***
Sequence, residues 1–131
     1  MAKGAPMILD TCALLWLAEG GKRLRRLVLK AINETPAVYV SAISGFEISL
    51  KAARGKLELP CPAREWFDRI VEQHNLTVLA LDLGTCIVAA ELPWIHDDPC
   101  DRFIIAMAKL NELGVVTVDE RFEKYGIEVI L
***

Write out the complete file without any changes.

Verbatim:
Sequence, residues 1–131
     1  MAKGAPMILD TCALLWLAEG GKRLRRLVLK AINETPAVYV SAISGFEISL
    51  KAARGKLELP CPAREWFDRI VEQHNLTVLA LDLGTCIVAA ELPWIHDDPC
   101  DRFIIAMAKL NELGVVTVDE RFEKYGIEVI L